That’s why I think the betting is still good that it all happens over a weekend in ate February or early March 2015. Travel is at a low point and there should be enough time to get things done. Again, that’s just what there will be pressure to drive towards, although they will balance that knowing what a disaster the US Airways/America West integration and Continental/United integration turned out to be.

There will be investments in hard product and cutbacks in soft product, and a greater focus on monetization/ancillary revenue

Scott Kirby is the President and runs day-to-day. He’s a straight numbers guy. He won’t believe it if you can’t prove it on a spreadsheet.

  • Soft product is a tough sell. US Airways finally added inflight wifi when they saw people booking away from their flights and onto airlines that offered internet. But they can’t prove people are avoiding their planes because of lack of seat power. Meals in first class are a tougher sell. Seats on the other hand drive airline choice in premium cabins — business travelers used to actively avoid Amreican for New York – London for instance and now work to get on their 777-300ER flights. Unsurprisingly, the best business class seat was actually one pioneered by US Airways.
  • We’ll see more innovations that clearly move the needle on cost or revenue. US Airways was awful with IT but they did do things that were fairly innovative like tracking checked bags online (lost luggage is a cost center) and testing the pre-ordering of coach buy on board meals (revenue). American starts off with a superior IT infrastructure, and they’ve deployed Samsung Galaxy tablets not just for inflight entertainment (Doug Parker hates expensive, heavy entertainment systems) but also for flight attendants. If flight attendants can hawk paper credit card applications on US Airways, they’ll certainly be deployed with technology as a revenue tool. What will they sell us next?

This model should be kept in mind when predicting any of the changes still to come

The combined US Airways/American frequent flyer program will look more like American’s than like US Airways’ overall, since they’ll use the American technology platform and that business entity is already the more successful one. That’s why when many of the functions are being turned over to legacy US Airways employees, the frequent flyer program stays legacy American and the IT shop is led by legacy American too.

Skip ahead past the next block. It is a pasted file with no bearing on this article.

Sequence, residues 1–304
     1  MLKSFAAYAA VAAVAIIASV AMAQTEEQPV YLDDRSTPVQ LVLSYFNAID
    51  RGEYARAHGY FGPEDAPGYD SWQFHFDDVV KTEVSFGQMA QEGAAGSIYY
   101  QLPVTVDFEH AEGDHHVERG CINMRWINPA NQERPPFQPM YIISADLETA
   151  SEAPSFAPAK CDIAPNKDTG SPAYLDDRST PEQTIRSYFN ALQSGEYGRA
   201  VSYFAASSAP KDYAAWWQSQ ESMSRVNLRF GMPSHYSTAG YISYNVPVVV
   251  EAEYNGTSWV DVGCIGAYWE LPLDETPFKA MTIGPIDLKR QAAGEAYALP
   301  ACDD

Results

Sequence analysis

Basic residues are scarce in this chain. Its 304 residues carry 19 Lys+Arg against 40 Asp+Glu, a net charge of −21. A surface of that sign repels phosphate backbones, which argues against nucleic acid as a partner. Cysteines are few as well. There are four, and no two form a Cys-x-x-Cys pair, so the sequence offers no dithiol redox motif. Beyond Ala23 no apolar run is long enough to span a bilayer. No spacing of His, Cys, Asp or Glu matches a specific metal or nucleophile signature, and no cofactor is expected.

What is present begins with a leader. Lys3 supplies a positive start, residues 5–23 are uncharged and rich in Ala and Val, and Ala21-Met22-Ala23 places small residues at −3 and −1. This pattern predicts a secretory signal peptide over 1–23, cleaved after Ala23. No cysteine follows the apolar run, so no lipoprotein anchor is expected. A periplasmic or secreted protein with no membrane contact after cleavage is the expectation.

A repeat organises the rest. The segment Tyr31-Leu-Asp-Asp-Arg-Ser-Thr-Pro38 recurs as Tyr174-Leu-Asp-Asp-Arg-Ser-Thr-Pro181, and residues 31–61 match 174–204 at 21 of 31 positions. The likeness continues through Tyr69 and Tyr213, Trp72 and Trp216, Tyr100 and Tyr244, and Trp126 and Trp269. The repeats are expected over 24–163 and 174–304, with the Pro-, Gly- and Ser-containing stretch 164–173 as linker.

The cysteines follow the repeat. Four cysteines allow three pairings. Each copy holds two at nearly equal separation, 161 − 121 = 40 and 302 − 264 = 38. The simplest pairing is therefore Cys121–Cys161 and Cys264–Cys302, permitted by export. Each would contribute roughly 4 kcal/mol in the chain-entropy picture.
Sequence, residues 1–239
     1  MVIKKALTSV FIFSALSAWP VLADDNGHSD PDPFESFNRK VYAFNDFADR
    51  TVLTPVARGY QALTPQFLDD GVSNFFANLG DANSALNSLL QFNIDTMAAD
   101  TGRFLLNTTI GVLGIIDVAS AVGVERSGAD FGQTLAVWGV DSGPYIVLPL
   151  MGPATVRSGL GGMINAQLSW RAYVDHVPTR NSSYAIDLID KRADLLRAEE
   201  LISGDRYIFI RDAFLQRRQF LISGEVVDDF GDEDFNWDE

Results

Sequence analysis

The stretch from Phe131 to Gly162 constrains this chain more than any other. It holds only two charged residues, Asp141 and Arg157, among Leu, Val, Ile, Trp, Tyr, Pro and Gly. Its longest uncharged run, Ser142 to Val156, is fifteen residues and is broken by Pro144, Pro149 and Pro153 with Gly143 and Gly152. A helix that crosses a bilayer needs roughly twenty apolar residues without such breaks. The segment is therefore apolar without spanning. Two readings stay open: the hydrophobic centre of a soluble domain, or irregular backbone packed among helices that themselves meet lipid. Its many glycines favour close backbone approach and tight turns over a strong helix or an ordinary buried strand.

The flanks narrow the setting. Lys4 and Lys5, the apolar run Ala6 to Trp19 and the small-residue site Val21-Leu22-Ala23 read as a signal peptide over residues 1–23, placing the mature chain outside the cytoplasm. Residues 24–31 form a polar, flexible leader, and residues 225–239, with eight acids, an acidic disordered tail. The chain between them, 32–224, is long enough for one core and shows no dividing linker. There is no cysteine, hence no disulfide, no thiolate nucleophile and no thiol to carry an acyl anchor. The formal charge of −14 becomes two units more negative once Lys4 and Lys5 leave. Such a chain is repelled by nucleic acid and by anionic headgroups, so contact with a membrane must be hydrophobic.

Then there will be a layering on of increased fees, and an increased focus on using those platforms to drive revenue and reduce cost.


About Gary Leff

Gary Leff is one of the foremost experts in the field of miles, points, and frequent business travel - a topic he has covered since 2002. Co-founder of frequent flyer community InsideFlyer.com, emcee of the Freddie Awards, and named one of the "World's Top Travel Experts" by Conde' Nast Traveler (2010-Present) Gary has been a guest on most major news media, profiled in several top print publications, and published broadly on the topic of consumer loyalty. More About Gary »

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Comments

  1. Wouldn’t it be easy to fix the fuel surcharge issue by having the rates desk go to the ITA website and manually look up how much the BA fuel surcharge is for that date and route?

  2. When do you predict we’ll be able to shift our miles between FF accounts like United allowed? As I recall this happened MUCH earlier than when they were combined.

  3. That’s great that the “IT” team will be coming from AA, where the heck is the “PR” team coming from? I think we all get the culture of employees who feel like they might just be in it for a couple more paychecks but some of the nonsense lately from a customer relations standpoint has been deplorable. You want to make enemies? Keep doing what you’re doing. Customers are not the “enemies” of a business. Something airlines can never fully get through their skulls.